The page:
Ahh! Today was just great because we got to get up at 10am--which is like heaven to us. While we were eating breakfast we noticed the sky was getting pretty gray. I was wondering if we were gonna be seeing any rain. We saw it today. It started down pouring 10 minutes after we noticed the sky. Eve and Stacey were the first to run out to play in the rain. Lewis quickly followed. I honestly wasn't going to join and then I thought to myself..."I'm in Africa and I have an opportunity to go play in the rain..." So I finally ran out there too. So glad I did too. It was a bit chilly at first but Eve and I just went crazy jumping around, doing push-ups and punching the air to stay warm. Once we got used to the rain it was grand. There was a mini waterfall coming down from the house. If you stood under that, you'd be getting drenched. Naturally, I did just that. Oh man it was like a mini shower before my real shower. It was fantastic. We had our fun came in, I showered and got into dry clothes. Mmm putting on dry clothes after getting soaked is like one of the best feelings. You've got to agree...It's pretty awesome right?! Anyway... Next thing was going to the markets. We all pretty excited to go shop a bit...Even I was excited which is weird for me to be excited to go to any kind of store. So the first one was a small shop in downtown Kigali that has a bunch of handmade stuff. Cool sculptures, handmade baskets (which are very special in their culture), little animals, beautiful earrings, bags, pots, the list goes on...I bought some cute stuff and moved to the next market. This place was more fun because we got to bargain our prices. It was a bigger store that had sections which belonged to a different person. Whatever was in their section is what they were selling and where they named the starting price. So say I see a scarf and I ask "How much?" He says "5000" I say "ehh, I think I'll keep looking." And as soon as he sees you won't buy he'll say "how much you pay?" That's when you say the price half of what he wanted. So I say "3000" and he then says "4000" I say "hmm 3500?" and he agrees. That's how it sometimes works and other times they won't even change their price, but if you try you could get a great deal. But I realized how bad I am at haggling---terrible. But I loved everything at the markets, cheap and really cute creations right from Africa. Hopefully my sisters and my mother will like what I got them :)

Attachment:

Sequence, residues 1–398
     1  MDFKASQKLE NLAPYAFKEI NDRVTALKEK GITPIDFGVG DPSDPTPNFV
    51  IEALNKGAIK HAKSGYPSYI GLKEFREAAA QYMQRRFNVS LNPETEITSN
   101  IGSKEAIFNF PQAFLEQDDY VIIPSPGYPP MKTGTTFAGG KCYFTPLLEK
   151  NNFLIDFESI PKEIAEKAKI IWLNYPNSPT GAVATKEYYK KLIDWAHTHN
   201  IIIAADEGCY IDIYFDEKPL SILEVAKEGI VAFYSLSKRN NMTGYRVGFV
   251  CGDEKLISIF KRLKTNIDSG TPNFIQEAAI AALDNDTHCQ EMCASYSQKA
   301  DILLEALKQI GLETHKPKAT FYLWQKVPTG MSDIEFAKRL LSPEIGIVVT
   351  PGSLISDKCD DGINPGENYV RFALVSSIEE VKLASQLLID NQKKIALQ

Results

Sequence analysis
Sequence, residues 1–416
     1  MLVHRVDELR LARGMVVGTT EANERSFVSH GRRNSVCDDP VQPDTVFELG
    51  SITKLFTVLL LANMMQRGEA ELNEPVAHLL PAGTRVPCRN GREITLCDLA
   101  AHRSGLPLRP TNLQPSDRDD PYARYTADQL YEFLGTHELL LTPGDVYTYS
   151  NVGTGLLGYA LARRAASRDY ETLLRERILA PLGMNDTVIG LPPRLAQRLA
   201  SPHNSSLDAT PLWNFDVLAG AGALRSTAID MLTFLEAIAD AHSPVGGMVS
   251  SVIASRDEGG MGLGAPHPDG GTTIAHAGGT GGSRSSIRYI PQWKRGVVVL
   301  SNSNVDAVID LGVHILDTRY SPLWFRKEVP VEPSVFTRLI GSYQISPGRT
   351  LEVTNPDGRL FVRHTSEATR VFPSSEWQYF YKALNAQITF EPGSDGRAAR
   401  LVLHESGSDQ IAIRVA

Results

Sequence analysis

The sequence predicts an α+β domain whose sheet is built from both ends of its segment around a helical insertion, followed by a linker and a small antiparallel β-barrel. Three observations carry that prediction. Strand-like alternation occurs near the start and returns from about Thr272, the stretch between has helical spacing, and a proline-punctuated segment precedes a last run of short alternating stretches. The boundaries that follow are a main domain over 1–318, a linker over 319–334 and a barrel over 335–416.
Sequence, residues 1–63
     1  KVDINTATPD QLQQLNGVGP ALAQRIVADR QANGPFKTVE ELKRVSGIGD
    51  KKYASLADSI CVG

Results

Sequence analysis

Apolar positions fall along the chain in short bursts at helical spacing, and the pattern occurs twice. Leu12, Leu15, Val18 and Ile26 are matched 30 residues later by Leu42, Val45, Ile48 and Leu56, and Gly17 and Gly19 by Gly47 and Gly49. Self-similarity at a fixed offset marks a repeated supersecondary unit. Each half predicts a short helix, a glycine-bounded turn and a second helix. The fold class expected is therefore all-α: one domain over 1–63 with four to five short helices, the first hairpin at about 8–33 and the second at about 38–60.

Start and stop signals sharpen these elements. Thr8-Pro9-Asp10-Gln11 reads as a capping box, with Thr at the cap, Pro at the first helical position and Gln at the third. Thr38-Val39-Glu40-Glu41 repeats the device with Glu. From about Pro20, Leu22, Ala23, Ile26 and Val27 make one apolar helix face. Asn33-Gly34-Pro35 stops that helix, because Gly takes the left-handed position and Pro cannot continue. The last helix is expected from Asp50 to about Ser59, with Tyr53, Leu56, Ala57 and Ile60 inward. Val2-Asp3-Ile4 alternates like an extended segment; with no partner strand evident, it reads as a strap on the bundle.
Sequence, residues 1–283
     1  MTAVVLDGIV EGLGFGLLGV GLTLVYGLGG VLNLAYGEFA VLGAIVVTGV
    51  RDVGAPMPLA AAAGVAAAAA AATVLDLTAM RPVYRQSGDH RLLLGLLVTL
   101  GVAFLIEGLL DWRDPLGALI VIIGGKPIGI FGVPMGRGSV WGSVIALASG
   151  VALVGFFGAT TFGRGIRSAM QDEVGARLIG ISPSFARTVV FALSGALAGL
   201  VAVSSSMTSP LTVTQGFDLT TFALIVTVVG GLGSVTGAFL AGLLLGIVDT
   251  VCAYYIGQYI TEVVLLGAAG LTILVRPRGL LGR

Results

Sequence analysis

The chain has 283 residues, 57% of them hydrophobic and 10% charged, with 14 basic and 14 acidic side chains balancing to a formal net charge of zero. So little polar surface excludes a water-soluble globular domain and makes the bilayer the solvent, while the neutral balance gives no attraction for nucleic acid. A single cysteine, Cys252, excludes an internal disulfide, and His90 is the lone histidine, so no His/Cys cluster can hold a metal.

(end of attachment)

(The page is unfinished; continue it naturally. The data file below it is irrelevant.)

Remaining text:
So after that we went to a nice restaurant in the Kigali mall which was really nice. It was the first time we ordered food off a menu. I just got a sandwich with fries cause I had been eating the traditional Rwandan food and wanted to be my old boring self one time.